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Craft beer is driving demand for barley. Could farmers in southwest Virginia benefit?

Dan Brann is a barley farmer in Riner, Virginia. For eight years he's been selling barley to a malting company in Charlottesville. The barley in his hand was harvested in June and has aged in a grain silo for several months.
Roxy Todd
/
Radio IQ
Dan Brann is a barley farmer in Riner, Virginia. For eight years he's been selling barley to a malting company in Charlottesville. The barley in his hand was harvested in June and has aged in a grain silo for several months.

The craft brewing industry is driving up demand for barley, which can be used to make malt, one of the main ingredients to make beer. A new effort is underway to help more farmers grow malt barley in southwest Virginia.

According to the Virginia Craft Brewers Guild Association, there are currently over 300 breweries in the state, but very few use grains that were grown locally. Most malt barley is grown in the Midwest.

Dan Brann is one of just a few Virginia farmers who grows it. On his farm in Riner, in Montgomery County, he recently planted seeds for a new variety of barley designed by researchers at Virginia Tech called Avalon, specifically tailored for growing conditions in Virginia. Hundreds of small seedlings are sprouting on the hillside, surrounded by fields of his other major crop— pumpkins.

fields of barley.jpg
Roxy Todd
/
Radio IQ
Seedlings of a new variety of malt barley designed by researchers at Virginia Tech called Avalon, growing in Dan Brann's field.

For eight years, Brann has sold other types of barley to a malting company in Charlottesville. “Who knows where it’s gonna go in the future?” Brann said. “We all like to buy local as much as we can. Certainly the microbreweries have caught on. And I hope there will be an opportunity for some farmers to be involved with growing malt barley.”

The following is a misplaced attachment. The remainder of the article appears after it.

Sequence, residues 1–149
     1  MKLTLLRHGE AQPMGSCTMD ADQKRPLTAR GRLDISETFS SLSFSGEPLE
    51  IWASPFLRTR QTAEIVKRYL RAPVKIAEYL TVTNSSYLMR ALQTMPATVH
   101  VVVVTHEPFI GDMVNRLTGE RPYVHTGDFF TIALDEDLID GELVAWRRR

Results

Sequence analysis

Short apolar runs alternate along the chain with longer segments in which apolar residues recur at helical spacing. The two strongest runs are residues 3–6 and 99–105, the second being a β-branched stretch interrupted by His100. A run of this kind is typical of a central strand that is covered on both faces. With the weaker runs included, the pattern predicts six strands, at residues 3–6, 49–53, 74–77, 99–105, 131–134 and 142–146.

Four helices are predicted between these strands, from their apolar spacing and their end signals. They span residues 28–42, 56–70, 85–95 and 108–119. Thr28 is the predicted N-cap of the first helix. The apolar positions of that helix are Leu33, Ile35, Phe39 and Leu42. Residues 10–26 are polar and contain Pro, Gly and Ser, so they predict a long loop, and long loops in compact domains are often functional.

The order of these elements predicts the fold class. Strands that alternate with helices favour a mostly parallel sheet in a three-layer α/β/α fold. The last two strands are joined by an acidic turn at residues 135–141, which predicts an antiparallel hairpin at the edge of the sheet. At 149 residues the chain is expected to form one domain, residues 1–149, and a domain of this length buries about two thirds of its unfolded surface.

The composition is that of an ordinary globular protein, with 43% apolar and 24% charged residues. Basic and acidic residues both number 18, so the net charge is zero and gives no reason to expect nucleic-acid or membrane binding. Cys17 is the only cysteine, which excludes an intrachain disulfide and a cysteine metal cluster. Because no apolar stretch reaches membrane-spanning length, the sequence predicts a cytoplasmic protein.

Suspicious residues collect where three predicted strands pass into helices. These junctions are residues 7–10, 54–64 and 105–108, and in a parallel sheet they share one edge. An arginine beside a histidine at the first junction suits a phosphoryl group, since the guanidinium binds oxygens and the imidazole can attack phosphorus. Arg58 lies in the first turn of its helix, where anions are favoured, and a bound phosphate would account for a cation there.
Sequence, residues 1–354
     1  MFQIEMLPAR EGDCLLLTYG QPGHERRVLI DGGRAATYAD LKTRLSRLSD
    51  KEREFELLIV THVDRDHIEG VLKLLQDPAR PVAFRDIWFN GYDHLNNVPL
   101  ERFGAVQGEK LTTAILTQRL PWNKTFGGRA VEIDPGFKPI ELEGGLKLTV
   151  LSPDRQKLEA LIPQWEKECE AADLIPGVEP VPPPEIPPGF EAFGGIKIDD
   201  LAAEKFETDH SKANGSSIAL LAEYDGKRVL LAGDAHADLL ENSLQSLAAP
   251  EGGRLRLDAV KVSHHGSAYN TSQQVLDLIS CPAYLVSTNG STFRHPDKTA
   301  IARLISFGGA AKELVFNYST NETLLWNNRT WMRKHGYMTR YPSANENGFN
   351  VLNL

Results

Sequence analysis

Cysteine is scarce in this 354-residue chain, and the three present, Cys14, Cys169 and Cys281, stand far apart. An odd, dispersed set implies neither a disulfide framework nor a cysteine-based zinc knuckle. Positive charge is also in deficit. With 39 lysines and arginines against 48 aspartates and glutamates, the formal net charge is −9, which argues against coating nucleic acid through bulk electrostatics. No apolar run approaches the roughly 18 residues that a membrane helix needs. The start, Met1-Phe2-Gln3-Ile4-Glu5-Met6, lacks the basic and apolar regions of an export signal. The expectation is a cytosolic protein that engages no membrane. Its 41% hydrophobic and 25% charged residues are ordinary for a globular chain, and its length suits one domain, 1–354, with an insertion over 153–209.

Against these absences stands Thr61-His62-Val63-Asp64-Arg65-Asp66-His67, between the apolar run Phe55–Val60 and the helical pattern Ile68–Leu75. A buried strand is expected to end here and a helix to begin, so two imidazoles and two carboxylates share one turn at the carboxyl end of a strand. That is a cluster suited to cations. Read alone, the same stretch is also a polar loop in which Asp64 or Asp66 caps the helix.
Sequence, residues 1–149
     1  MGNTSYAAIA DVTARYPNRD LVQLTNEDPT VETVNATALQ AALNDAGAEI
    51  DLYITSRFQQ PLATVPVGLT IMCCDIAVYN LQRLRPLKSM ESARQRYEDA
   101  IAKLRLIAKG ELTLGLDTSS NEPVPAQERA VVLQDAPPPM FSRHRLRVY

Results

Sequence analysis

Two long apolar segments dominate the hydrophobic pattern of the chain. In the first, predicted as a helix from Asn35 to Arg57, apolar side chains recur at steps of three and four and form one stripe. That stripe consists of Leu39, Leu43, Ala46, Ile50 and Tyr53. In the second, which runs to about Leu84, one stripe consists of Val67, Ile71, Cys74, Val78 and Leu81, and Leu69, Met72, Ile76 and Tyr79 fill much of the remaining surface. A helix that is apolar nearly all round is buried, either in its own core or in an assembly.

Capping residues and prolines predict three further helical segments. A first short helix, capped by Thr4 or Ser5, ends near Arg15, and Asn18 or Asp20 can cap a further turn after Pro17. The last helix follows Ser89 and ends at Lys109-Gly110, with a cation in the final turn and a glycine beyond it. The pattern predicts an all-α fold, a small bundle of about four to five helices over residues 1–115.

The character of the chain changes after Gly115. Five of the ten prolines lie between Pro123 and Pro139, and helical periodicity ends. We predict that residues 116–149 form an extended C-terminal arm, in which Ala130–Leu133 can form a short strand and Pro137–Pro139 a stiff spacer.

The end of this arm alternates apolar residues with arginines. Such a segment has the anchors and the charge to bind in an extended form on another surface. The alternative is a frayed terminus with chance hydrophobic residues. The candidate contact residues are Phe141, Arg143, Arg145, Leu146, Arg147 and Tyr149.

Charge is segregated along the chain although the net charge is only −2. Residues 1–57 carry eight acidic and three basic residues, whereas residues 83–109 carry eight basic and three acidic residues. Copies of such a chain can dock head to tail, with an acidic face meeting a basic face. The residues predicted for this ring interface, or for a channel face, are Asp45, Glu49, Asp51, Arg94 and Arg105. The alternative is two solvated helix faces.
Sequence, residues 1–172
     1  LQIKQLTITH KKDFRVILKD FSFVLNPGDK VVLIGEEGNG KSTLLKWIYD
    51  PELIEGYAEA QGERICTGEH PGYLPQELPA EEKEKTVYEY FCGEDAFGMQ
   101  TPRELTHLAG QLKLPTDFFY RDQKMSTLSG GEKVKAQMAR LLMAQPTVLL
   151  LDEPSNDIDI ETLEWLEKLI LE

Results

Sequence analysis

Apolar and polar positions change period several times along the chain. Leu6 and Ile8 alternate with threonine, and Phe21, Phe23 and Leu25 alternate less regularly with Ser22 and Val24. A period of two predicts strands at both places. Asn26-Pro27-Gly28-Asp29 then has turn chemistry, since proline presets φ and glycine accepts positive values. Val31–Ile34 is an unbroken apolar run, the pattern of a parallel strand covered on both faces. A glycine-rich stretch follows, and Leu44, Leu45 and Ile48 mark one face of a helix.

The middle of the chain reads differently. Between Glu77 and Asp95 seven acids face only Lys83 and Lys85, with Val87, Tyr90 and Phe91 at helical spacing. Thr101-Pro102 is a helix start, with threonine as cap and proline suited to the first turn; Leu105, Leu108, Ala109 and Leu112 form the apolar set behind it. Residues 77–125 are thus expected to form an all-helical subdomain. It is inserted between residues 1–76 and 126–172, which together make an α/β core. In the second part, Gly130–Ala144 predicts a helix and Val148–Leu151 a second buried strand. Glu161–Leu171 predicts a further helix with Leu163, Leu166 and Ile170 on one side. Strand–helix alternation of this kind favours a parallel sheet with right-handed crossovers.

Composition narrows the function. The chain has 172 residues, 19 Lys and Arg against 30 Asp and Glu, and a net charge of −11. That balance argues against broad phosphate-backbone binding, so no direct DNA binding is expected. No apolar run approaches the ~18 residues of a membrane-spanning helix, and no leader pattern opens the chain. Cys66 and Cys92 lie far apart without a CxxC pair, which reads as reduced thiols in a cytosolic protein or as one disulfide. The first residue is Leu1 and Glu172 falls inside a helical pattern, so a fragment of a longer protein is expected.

At this time, Brann said he would like to see his malt barley sell for about $9 a bushel. Currently, the market is lower than that, and it's unclear how more farmers supplying malt shops would impact these prices.

In order to help more farmers scale up, they need more infrastructure to help them clean, market and ship their barley to local buyers, said Amy Byington, a Virginia Tech extension agent in Lee County. She's working on a project to build a new storage facility in Wise County, funded by a grant from the Abandoned Mine Land Economic Revitalization Program.

Dan Brann holds barley beside a grain silo on his farm in Montgomery County.
Roxy Todd
/
Radio IQ
Dan Brann holds barley beside a grain silo on his farm in Montgomery County.

“It will have grain cleaners, it will have storage. It will have the capability to handle grain, which is our problem right now, we don’t have any infrastructure. All of it was basically destroyed whenever flour mills left our area.”

Byington expects the new storage facility to be open by the summer of 2024 and said it will probably be on a former mine site in Norton.
Farmers will be able to clean, sell and ship malt barley to malt shops in Virginia and North Carolina, to tap into the growing demand for malt among breweries, homebrewers and craft distilleries.

Dan Brann
Roxy Todd
/
Radio IQ
Dan Brann

This report, provided by Virginia Public Radio, was made possible with support from the Virginia Education Association.

Updated: November 3, 2022 at 3:34 PM EDT
Editor's Note: Radio IQ is a service of Virginia Tech.

Roxy Todd is Radio IQ's New River Valley Bureau Chief.